Sovereignty, Collaboration and Continuing Challenge: A History of Tribal Libraries in San Diego County

By Biggs, Bonnie; Whitehorse, David | Special Libraries, Fall 1995 | Go to article overview

Sovereignty, Collaboration and Continuing Challenge: A History of Tribal Libraries in San Diego County


Biggs, Bonnie, Whitehorse, David, Special Libraries


In Southern California, libraries have sprung up on seven of the 18 small American Indian reservations in rural San Diego County.[2] These unique facilities generally struggle to survive in harsh reservation economies which have been further marginalized by the worst regional economic depression since the 1930s. Yet they do survive, even as surrounding local, county, and regional library systems have experienced severe fiscal cutbacks which greatly reduce library services and threaten closure of numerous rural branches.[3] The history of Indian libraries in the region presents a striking picture of tribal self-determination and exercise of sovereignty in determining and meeting tribal information system needs. It further delineates the challenges and opportunities facing tribal populations and governments as they develop collaborative relationships with the American macro-culture. Generally, the framework for the development of these small library facilities was the amendment to the Library Services and Construction Act;[4] however, the existence of tribal libraries did not begin with federal policy. Rather, the function of tribal and cultural libraries, if not the generally accepted form, has been a part of American Indian communities since before the Colombian interchange.

For untold centuries, Native Americans have passed their unique legacy to successive generations through an ancient but fragile chain of oral tradition. Today, within the complexity of contemporary life in the United States, this heritage of American indigenous culture is reflected in the habits, customs, and traditions of the "Knowledge Seekers," as well as the "Wisdom Keepers" who live within Native American tribes and maintain links with traditional tribal knowledge, customs, and history. Tribal Elders with knowledge of traditional Indian technology, government, natural science, folklore, religion, art, natural healing, legend, and tribal history serve as living libraries for their communities (emphasis added).[5]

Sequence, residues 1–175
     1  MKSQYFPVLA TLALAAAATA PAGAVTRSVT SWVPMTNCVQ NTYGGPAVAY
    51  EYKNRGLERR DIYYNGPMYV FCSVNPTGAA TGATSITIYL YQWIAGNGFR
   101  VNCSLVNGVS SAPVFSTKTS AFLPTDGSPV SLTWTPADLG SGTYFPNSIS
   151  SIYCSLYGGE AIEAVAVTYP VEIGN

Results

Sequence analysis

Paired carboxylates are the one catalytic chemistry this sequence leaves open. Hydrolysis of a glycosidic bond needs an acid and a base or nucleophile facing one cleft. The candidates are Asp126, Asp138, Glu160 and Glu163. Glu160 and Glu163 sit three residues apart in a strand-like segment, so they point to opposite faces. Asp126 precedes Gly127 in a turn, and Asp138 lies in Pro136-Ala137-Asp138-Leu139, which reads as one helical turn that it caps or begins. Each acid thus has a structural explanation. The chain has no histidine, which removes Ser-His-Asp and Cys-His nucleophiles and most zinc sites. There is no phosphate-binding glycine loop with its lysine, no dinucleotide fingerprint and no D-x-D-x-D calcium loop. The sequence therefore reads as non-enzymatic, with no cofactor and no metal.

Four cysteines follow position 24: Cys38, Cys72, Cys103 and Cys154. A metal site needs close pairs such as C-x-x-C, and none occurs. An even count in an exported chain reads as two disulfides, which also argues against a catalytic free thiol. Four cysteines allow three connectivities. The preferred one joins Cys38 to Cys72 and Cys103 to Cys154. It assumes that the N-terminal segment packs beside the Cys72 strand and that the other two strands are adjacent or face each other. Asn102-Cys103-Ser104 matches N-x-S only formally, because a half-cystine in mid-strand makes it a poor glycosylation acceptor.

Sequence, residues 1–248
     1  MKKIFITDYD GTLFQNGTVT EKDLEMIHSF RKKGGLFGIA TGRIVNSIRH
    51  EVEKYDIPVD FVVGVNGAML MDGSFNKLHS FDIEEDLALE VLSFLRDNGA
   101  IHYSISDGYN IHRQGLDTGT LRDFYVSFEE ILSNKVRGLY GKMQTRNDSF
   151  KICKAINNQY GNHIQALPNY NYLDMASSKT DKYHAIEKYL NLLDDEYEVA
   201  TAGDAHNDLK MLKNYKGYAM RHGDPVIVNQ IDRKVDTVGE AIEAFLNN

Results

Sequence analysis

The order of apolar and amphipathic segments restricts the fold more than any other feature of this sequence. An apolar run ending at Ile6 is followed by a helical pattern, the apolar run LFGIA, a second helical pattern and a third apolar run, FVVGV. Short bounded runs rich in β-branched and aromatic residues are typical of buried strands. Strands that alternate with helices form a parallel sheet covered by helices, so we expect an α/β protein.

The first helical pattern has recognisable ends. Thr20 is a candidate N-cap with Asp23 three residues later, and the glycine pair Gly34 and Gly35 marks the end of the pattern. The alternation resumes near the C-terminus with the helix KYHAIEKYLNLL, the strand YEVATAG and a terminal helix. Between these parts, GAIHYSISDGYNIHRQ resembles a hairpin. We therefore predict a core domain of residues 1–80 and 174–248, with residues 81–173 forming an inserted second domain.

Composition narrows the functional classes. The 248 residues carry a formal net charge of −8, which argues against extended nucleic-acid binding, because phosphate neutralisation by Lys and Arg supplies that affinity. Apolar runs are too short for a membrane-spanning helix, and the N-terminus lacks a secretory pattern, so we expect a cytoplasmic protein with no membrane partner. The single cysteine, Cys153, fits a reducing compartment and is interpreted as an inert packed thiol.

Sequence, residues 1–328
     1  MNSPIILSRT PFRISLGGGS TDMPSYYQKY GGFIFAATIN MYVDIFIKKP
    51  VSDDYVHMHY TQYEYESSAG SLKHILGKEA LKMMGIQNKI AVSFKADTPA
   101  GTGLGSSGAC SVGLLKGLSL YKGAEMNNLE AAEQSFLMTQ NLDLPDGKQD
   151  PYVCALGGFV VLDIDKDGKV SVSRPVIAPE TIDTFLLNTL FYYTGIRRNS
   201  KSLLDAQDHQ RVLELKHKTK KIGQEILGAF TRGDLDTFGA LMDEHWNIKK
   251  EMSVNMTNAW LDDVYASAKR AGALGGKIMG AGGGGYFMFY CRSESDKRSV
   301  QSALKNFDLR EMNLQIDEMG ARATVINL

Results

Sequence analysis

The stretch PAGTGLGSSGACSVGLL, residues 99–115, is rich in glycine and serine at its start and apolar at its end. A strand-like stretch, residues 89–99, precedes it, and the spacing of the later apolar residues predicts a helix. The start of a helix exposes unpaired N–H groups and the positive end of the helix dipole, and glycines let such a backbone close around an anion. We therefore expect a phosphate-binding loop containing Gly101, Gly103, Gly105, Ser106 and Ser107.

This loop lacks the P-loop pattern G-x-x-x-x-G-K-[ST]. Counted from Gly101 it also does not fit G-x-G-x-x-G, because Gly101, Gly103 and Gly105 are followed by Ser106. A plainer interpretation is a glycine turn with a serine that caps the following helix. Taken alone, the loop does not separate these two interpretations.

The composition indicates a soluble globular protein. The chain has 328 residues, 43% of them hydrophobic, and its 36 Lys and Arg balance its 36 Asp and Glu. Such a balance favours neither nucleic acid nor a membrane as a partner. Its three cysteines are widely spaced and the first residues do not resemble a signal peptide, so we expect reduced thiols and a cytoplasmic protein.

Special collections including tribal histories, material culture, early ethnographic records, and tribal governmental archives were scattered throughout the San Diego reservation country. In the early 20th century, principally in the care of hereditary leaders or their families, tribal offices, or housed haphazardly in community buildings or storehouses. Of note were collections held by a number of small missions and asistencias[6] including Santa Ysabel, San Antonio de Pala, and Catholic chapels at Jamul, Sycuan, Pauma, and Barona.[7] The fate of many of these collections is unknown, owing in part to the termination of many California tribes in 1953, and discontinuities in tribal government and tribal development in the termination era extending to 1971.[8] The majority of tribal archives from the period were retained by particular reservations or were duplicated in major part at the Bureau of Indian Affairs Sub-Agency at Riverside, CA.[9] Until the early 1970s, there was little systematic assembling of library collections at each reservation, and a comprehensive cataloging of Indian "libraries" in the county was nonexistent.

Indian Library Development

The formal and expanding entrance of Indian tribes into the realm of library development occurred in the post-termination era. Jack D. Forbes, in his early advocacy for the establishment of native-controlled information systems and repositories, proposed that American Indian people living on or near reservations had library and information needs in two broad areas. The first need was for the library services common to other ethnic groups. The second was specialized informational needs unique to the Indian population as a whole. He further defined the latter as having imbedded needs for the preservation of cultural-historical heritage. Susan Dyal's Preserving Traditional Arts: A Toolkit for Native American Communities, or Going Home: The California Indian Library Collections Manual are two sources that have assisted local San Diego County tribes in preserving invaluable collections of material culture and given guidance in locating materials of local significance. …

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Sovereignty, Collaboration and Continuing Challenge: A History of Tribal Libraries in San Diego County
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